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New Fort Lauderdale Auto Museum features classic cars, movie vehicles

“Look at how beautiful,” says Michael Dezer, marveling at the gleaming pink-and-white 1959 DeSoto sedan parked next to 13 other 1950s classic American cars.

“How can you not love all of them?”

Dezer loves the almost 300 vehicles displayed at the Fort Lauderdale Auto Museum, which he opened April 10 inside Xtreme Action Park. They’re from his personal collection, and he has dispersed the vehicles throughout three museums. The Sunny Isles Beach real estate developer also has the Miami Auto Museum in North Miami and the Hollywood Cars Museum in Las Vegas.

Why open another car museum? Because he was running out of space for his collection.

“We needed more room to put the cars in, because I keep buying them,” says Dezer, 76, founder of the family run Dezer Development, which developed luxury properties in New York City’s Chelsea neighborhood as well as Trump-branded properties in Sunny Isles Beach.

His last name is known in South Florida. His son, Gil Dezer, developed the 60-story Porsche Design Tower in Sunny Isles Beach, which offers car elevators for residents.That feature is called “The Dezervator.”

It seems natural that his family would incorporate vehicles into their building design. In all, Michael Dezer says he owns 1,650 cars that he’s bought from private owners, auctions and shows.

“People know that I’m a collector, so they call me and let me know, ‘I have this for sale and this for sale,’ ” he says, as he toured the 30,000-square-foot facility on Tuesday. “I enjoy to look at them. I enjoy to drive them. That’s my hobby, and I love it.”

The new museum has five distinct areas defined by era and entertainment. Dezer says there is something for everyone, regardless of age. Cars are about nostalgia, he says.

“Everybody likes what they remember as a kid, or what their father had,” says Dezer.

He remembers his first car at age 18, a 1929 white Fiat convertible he drove in his native Israel, where his father had a dealership that rented and sold cars.

Dezer’s favorites are models from the 1950s because “I am a product of the ’50s. James Dean, music of the ’50s and ’60s.

“I was just in Cuba, and I felt at home. I felt like a teenager again,” says Dezer, referring to the predominance of American classic cars used in Cuba as taxis and everyday vehicles.

Strolling through the museum, Dezer spouts out the name, the year and the story behind each car.

At the entrance are two rows of sparkling Rolls Royces and Bentleys from the 1920s to today. Each car on display has a card with background information.

The museum’s mid-section is dedicated to Dezer’s James Bond movie collection, which includes 10 vehicles on display. Remember the cherry-red Ford Mustang Mach 1 seen in 1971’s “Diamonds Are Forever”? Or the bright green Jaguar XKR (with machine gun attached in the rear) from the 2002 movie, “Die Another Day”? How about the Land Rover Defender Double Cab from the opening sequence in the 2012’s “Skyfall”?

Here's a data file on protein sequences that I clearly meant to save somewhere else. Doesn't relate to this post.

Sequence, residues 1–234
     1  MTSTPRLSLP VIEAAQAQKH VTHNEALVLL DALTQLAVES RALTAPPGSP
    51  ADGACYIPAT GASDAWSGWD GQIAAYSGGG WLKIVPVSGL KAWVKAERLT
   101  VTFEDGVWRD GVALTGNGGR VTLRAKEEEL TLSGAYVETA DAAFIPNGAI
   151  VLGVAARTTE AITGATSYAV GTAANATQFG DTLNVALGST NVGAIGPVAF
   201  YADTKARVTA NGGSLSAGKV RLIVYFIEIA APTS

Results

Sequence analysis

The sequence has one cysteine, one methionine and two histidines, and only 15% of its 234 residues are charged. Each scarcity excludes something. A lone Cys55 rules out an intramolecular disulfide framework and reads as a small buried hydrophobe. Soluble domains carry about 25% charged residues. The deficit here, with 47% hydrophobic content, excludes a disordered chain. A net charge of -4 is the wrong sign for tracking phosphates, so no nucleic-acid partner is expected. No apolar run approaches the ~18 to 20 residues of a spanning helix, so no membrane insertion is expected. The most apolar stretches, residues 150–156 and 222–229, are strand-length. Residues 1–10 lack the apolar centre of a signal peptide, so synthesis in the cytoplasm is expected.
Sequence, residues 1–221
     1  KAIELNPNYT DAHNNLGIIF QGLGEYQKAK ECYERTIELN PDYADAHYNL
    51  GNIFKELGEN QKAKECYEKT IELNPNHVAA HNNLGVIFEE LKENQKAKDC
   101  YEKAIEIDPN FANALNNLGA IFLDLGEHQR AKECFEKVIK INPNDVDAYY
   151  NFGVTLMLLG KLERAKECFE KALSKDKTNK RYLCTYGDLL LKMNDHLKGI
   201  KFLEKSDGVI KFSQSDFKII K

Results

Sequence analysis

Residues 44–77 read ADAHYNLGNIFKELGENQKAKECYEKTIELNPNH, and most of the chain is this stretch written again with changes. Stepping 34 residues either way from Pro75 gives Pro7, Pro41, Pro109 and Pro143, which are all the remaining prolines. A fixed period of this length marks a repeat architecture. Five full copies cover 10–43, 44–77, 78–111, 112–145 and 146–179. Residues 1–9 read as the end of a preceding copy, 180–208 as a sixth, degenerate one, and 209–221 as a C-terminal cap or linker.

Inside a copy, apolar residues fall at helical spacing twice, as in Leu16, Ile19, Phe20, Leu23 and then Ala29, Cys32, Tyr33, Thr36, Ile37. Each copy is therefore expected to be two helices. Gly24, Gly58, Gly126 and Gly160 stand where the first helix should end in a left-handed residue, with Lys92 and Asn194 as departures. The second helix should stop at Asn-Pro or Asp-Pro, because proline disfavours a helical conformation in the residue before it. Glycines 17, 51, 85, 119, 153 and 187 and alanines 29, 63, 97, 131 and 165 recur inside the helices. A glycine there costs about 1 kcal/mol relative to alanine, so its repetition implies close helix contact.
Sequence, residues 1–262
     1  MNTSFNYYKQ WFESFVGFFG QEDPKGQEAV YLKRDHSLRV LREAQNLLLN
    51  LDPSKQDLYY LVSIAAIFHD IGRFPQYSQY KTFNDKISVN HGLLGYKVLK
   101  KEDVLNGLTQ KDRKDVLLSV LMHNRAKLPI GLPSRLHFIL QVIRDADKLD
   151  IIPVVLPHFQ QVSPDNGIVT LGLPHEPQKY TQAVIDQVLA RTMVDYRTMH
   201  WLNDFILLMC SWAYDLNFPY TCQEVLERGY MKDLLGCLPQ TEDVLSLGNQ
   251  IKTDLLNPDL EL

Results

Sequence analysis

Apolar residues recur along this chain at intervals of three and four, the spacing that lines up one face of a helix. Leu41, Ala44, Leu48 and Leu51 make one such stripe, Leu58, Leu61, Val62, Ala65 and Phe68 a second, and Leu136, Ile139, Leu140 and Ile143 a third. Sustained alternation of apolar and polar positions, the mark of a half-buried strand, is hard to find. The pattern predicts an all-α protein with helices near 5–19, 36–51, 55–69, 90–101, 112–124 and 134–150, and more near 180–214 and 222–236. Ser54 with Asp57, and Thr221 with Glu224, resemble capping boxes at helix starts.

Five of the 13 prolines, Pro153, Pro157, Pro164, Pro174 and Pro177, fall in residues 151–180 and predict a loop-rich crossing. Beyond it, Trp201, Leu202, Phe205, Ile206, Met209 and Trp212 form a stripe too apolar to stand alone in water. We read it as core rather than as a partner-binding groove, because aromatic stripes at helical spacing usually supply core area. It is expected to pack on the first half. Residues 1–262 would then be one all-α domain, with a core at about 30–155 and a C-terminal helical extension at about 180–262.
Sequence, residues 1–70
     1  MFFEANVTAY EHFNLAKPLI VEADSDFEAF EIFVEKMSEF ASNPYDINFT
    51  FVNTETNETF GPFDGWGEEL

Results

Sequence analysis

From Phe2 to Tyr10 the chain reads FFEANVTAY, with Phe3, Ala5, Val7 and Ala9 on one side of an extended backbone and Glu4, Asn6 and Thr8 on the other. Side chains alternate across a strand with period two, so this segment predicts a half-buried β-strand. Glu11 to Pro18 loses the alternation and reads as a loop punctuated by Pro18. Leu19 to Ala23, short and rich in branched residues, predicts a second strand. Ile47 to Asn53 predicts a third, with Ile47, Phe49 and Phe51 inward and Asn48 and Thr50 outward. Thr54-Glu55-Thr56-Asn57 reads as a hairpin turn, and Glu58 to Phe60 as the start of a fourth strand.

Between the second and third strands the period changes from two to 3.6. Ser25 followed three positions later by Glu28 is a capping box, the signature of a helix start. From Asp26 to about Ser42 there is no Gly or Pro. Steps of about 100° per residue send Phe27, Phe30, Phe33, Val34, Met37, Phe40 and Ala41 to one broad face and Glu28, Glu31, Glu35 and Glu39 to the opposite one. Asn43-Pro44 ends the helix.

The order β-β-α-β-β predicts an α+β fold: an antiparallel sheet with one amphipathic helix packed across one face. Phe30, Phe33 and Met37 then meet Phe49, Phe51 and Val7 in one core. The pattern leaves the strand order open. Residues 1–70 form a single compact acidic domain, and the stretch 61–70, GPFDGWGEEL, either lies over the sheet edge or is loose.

These vehicles, along with a semi-truck and small plane, from various Bond movies sit under posters and enlarged photographs from the sets.

“Everything drives here, it’s not just props,” he says, approaching the area with more movie-related vehicles. Here, he points out a 1981 DeLorean DMC-12 from “Back to the Future” and a 1972 white Herbie “the Love Bug” Volkswagen Beetle.

Of the Hollywood movie vehicles, one standout is the famous "The Spirit of Nemo" convertible from 2003’s “The League of Extraordinary Gentlemen,” starring Sean Connery. The car is a behemoth, measuring 22 feet long and 8 feet wide.

“It was built on two Cadillacs,” Dezer says. “Whenever they made a movie, they always made three, four or five spares in case something breaks.”

Around the corner from the Hollywood cars is a section for post-World War II, European-made “microcars,” including a red 1966 Fiat 500 convertible and a 1957 BMW Isetta 300. The latter has the door in the front hood. “They did it to save space on the doors,” Dezer says.

Toward the back of the museum is a section dedicated to military vehicles.

Dezer says he plans to rotate the cars among his three museums, so visitors will have a chance to see different vehicles at any given time.

The museum also has exhibition space for private events and parties. Dezer is hoping to have lectures to teach visitors about the evolution of the car.

“I think the young people will learn about the history of the automobile, to show the new generation about how the cars became from primitive little cars to what they are today, to electric cars and to driver-less cars, which are the future,” he says.

The Fort Lauderdale Auto Museum, 5300 Powerline Road, is open from 4 to 8 p.m. Monday through Thursday and 2 to 10 p.m. Friday through Sunday. Tickets are $25 for the general public; $10 for Florida residents; $10 with purchase of Xtreme Action Park games and activities; $5 for ages 6-12 and free for age 5 and younger. For more information, visit xtremeactionpark.com or call 954-491-6265.

Fun vehicles at the Fort Lauderdale Auto Museum

Oldest car: 1910 Ford model T, which “was regarded as the first affordable automobile,” according to an informational card about the car’s history.

Second-oldest: 1929 Rolls Royce Twenty

Most expensive: 1998 Bentley Mark VI, with less than 4,000 miles. Dezer says it’s worth $2.5 million.

A must-see: The famous Nautilus convertible from 2003’s “The League of Extraordinary Gentlemen. The car measures 22 feet long and 8 feet wide.

Not a car: Hovering over the James Bond section is a white-and-orange Seabee Seaplane from the 1974 movie, “The Man with the Golden Gun.”

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